August 5, 2011

The child who shook hands with the Guardian – recounted by ‘Ali Nakhjavani

The story I will now relate, although not all of it refers to the Greatest Holy Leaf, illustrates what I witnessed of the tender relationship between the Greatest Holy Leaf and Shoghi Effendi. Once our mother asked my brother and I to go to the Master's house after prayers at the Shrine of the Báb. In those days the Guardian was younger and, following prayers, he would walk down to Abbas Street and, the terraces beyond Abbas Street not yet having been built, he would turn to the right on Abbas Street, and then proceed to Haparsim Street and straight down to the Master's house. The pilgrims would usually walk with him. On that particular day my brother and I, too, followed Shoghi Effendi because we thought how much better it was to go to the Master's house with him. When Shoghi Effendi reached the gate he turned and said, 'Fí Amáni'lláh' (May you be under God's protection) and went in. Being younger than Jalal, I was glad to follow him when he set out after Shoghi Effendi. The Guardian went up the stairs and we did, too, and then entered the house. It was the custom of the Guardian to have his one major meal each day with the Greatest Holy Leaf. It was also his practice to go to her after meeting with the pilgrims and sit and talk to her. Shoghi Effendi turned right to go through the corridor next to the room in which the Master passed away and proceeded to the next room which was the Greatest Holy Leaf's bedroom. He went along that corridor and we followed, and when he opened the door I was so close to Shoghi Effendi at that point that I saw that the Greatest Holy Leaf was in bed. As soon as she heard the footsteps of Shoghi Effendi and the opening of the door she was at the point of rising from bed to sit in the presence of the Guardian. Although the distance is not far from the door to the bed, Shoghi Effendi literally ran from the door to the bed and gently restrained her, saying 'Já'iz níst' (it is not permissible). He did not want her to be disturbed.

There is a little sequel to this incident and although it does not directly relate to the Greatest Holy Leaf, since we have begun the story, let me finish it. In the room of Khanum, Shoghi Effendi seated himself. My brother and I, with childish aplomb, sat down too. Then my mother found out what had happened and sent the maid immediately to tell us to come out. The door was opened again and with a motion of her eyes the maid signaled us to leave. Jalal very reverently stood and bowed and withdrew from the room. But I thought this wasn't right; I thought, 'This is not the way to do things!' I felt there should be a handshake. This, of course, was totally inappropriate but to my childish mind it seemed the proper thing to do. I went straight over to Shoghi Effendi who was seated in a deep comfortable armchair and offered him my little hand. Shoghi Effendi looked at me and pulled himself closer, accepted my hand and shook it. This all took time. When I went outside my mother asked me what had delayed me and I explained that my brother didn't shake hands and I thought I should. She was horrified and struck my hand, saying, 'Out of reverence for the Guardian you should have done exactly what your brother did.'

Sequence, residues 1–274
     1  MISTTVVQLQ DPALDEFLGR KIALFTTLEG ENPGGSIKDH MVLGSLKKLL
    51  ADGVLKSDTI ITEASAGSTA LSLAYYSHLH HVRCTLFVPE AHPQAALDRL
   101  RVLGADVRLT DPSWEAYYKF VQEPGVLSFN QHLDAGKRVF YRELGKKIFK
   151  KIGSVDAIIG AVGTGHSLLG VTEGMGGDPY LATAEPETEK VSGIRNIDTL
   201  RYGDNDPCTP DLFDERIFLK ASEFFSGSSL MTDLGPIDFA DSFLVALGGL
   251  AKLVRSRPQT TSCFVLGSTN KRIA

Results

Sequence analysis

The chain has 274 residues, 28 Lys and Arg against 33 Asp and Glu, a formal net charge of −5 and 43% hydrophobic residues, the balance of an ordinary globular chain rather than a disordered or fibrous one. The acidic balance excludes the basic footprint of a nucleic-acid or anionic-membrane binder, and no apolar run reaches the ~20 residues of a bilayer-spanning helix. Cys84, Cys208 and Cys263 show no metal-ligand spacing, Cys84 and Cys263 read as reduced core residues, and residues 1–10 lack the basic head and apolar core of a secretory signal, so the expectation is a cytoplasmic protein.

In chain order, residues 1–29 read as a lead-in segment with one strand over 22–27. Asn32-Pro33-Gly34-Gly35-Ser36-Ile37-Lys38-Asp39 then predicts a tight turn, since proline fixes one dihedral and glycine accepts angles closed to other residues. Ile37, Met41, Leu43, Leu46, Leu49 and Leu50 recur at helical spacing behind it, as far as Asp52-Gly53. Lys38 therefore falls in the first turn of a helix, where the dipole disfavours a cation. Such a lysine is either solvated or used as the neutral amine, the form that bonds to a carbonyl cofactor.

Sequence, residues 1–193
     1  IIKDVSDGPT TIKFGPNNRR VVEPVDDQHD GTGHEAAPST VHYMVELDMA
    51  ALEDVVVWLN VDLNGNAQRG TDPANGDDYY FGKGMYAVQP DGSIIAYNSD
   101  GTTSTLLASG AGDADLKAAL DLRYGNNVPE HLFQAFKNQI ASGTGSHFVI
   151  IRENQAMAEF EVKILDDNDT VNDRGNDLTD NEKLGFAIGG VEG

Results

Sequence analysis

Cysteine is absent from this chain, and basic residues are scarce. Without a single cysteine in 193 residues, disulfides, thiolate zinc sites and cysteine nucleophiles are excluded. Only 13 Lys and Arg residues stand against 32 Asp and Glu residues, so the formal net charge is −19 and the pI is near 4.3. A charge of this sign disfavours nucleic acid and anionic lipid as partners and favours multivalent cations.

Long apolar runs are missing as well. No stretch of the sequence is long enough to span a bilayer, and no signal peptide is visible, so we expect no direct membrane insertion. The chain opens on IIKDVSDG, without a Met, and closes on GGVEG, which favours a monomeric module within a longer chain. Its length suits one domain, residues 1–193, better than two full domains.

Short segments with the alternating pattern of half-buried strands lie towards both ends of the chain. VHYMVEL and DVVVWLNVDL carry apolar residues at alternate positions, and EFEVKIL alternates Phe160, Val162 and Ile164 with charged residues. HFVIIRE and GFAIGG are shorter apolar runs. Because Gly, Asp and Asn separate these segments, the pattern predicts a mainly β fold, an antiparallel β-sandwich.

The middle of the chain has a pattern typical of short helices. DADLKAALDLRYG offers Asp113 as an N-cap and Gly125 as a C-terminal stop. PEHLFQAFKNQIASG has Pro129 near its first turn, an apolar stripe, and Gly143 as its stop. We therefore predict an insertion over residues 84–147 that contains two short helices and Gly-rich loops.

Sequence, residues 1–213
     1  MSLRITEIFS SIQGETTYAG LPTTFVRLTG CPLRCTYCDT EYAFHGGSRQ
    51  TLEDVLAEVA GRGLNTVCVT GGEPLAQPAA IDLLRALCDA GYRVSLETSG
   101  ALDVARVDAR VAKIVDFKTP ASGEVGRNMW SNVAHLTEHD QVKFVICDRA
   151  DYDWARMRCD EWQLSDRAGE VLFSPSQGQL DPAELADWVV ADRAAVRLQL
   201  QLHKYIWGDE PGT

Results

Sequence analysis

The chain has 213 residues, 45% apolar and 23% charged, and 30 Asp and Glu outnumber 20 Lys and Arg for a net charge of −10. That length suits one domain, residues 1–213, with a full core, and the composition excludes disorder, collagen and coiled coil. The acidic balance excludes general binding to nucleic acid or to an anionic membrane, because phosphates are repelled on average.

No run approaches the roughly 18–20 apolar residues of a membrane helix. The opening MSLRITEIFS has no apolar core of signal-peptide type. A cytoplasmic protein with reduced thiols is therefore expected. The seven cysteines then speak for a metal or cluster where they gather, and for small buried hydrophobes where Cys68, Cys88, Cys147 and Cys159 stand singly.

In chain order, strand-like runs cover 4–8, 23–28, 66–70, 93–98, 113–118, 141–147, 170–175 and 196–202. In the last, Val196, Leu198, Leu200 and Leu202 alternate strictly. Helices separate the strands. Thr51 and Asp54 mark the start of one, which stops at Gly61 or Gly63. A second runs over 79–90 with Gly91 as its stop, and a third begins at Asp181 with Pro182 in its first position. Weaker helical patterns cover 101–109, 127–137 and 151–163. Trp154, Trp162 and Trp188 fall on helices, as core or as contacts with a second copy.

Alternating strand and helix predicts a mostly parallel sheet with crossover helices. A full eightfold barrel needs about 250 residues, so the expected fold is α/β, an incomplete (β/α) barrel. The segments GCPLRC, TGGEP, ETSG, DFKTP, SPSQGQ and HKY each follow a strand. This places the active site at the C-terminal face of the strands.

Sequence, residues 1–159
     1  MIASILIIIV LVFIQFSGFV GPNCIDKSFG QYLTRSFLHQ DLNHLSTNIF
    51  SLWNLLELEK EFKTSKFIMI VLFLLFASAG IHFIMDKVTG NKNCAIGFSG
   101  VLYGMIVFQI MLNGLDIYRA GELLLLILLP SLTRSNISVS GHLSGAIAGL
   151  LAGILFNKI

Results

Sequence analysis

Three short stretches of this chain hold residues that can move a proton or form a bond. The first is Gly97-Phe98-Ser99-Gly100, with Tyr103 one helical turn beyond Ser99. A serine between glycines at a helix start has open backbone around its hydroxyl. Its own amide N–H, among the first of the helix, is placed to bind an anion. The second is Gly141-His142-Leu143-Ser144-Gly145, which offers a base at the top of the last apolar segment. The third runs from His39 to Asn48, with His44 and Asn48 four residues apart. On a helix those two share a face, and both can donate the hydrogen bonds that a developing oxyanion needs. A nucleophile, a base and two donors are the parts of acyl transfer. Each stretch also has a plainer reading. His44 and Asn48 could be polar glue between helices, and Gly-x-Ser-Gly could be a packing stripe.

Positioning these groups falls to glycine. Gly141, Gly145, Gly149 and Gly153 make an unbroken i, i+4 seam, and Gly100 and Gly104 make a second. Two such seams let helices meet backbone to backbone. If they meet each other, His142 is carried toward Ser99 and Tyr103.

Of course, I felt very bad about this. As we were going home my mother asked again, incredulously, 'You shook hands?'

I said, 'Yes.'

'With your right hand?'

'Of course.'

'Give me your hand.'

I did, and she kissed it several times.
(Ali Nakhjavani, excerpt from an address presented during the World Centre seminar commemorating the fiftieth anniversary of the passing of the Greatest Holy Leaf, held in the reception concourse, permanent Seat of the Universal House of Justice, 17 July 1982; ‘The Baha’i World’ 1979-1983, 59-67) (To read the rest of the talk please visit Baha’i Talks, Messages and Articles)